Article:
Unless you’re in one of the “frill” courses (essentially a term coined by Justice Scalia for seminars), one final exam is likely to determine the grade in your law school course. Many law students go through the first semester of law school wondering what the exam is going to look like and trusting that doing the reading and listening to the professor will get them a good score. In 99.9% of cases, this is not going to be a successful strategy. In order to adequately prepare for the exam, you should start outlining by the end of the first full month of classes. But before you even begin to outline, you need to understand what you’re outlining for, so you know what to emphasize. That’s what we’re going to talk about today.
If you were in the social sciences in college, your exams generally asked you to “comment on the causes of the 1905 Russian Revolution,” “assess our moral and ethical duties to future generations,” or “argue for or against Samuel Huntington’s thesis in The Clash of Civilizations” (or maybe this was only the case if you were in my classes). While these questions appear relatively difficult (and they are for graduate students), answering them on a college exam was pretty straightforward because you just needed to memorize everything the professor said in class about the topic and then write it all down in a Blue Book as fast as you could. This is about as far as you can get from a law school exam.
In law school, exams require you to apply rules that may only appear tangentially related to the questions asked. Say an exam gave you this story:
Bob and Joe work together and are good friends. At lunch, they usually go to one of the burrito shops near the office and gossip about their coworkers. One day during lunch, Bob confessed to Joe that he had been planning to kill Susie in HR. This confession troubled Joe because he knew that Bob’s anger problems were legendary, but Joe was shy and didn’t want to get involved in such a personal matter, so he never told anyone about what Bob had said. The next day, Bob killed Susie.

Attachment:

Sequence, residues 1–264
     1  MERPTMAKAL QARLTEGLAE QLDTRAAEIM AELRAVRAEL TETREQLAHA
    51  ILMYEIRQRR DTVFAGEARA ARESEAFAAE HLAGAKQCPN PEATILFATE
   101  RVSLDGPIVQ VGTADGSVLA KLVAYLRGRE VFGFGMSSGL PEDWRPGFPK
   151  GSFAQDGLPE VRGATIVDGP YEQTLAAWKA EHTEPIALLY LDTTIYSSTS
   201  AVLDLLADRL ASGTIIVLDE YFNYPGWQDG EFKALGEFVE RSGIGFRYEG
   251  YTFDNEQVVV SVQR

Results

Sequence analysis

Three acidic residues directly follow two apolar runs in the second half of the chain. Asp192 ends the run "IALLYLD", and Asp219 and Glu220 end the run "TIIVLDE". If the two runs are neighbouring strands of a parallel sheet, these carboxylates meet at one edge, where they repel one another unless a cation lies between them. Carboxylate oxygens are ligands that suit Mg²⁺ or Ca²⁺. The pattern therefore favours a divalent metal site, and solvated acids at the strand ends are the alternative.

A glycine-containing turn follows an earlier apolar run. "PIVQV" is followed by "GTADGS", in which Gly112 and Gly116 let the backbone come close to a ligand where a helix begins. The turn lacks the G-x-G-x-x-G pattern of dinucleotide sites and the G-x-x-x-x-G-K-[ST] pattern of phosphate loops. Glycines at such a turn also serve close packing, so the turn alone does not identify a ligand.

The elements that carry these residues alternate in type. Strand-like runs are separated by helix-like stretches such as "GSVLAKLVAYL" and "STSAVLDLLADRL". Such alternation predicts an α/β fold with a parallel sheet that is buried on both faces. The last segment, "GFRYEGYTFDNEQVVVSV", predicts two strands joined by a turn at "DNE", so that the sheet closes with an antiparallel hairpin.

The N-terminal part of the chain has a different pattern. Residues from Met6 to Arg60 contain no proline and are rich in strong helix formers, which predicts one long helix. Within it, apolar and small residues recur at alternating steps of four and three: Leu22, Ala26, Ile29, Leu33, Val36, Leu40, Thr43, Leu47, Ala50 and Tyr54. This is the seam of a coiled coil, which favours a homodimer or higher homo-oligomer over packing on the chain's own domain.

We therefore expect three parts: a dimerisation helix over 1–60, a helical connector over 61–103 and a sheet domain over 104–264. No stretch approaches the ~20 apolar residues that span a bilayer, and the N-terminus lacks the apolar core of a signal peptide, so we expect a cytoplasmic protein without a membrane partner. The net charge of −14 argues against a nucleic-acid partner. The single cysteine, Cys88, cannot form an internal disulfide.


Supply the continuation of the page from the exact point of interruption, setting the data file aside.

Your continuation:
Does Susie have a claim against Joe?
If after reading this story, you’re thinking to yourself, But the professor never told us about Bob, Joe, and Susie during the semester, then you’re probably still in the college exam mindset. Law school exams do not ask questions that can be asked by repeating what the professor has said in class. The professor has never told you the stories that appear on exams.
Think back to your torts class. You may remember reading a case called Tarasoff v. Regents of the University of California. In that case, the California Supreme Court held that a therapist may have a duty to warn an identifiable person when he knows or reasonably should have known that his patient presents a danger to that person. But what do a therapist and a patient have to do with two coworkers who like to go out and get burritos together. Well, nothing actually. That’s not the right question to be asking. The question to ask yourself is what the rule from the Tarasoff case has to do with this story.
In the story above, Joe knows that Bob is planning kill someone, and he knows that someone’s name is Susie. This is basically what happened in Tarasoff. There, the doctor knew that his patient was planning to kill someone, and he knew that patient’s name was Tatiana. Now, doctors and patients aren’t the same as coworkers, so this ambiguity is exactly where you need to focus your analysis. Tarasoff says that a doctor has a duty to warn because of the special relationship between the doctor and the patient or the doctor and the victim. A special relationship is one that is characterized, inter alia, by the sharing of intimate details and a responsibility to take care of the other person.
Does Joe have a special relationship with Bob or Susie? Joe and Bob go to lunch and feel comfortable enough together that Bob was willing to confess to Joe, but Joe and Bob don’t seem to have any sort of responsibility to take care of each other. Does Joe have a special relationship with Susie? This is really unclear. The story above doesn’t actually say anything about the relationship between Joe and Susie, so we’d need more facts to answer this question. This is OK: sometimes exam questions will not give you all the information you need, and you will have to explicitly acknowledge this fact in your answer.
Don’t worry if the exam writing process seems confusing. Law school exams are very different from any sort of writing that you’re likely to have done before. That’s why it’s crucial to start practicing early.
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And check out these helpful posts:
- How to Practice For Exams in Law School
- 4 Steps to Managing Law School Material
- Need Help Outlining for Law School Finals?
- Tips for Surviving Law School Exam Stress
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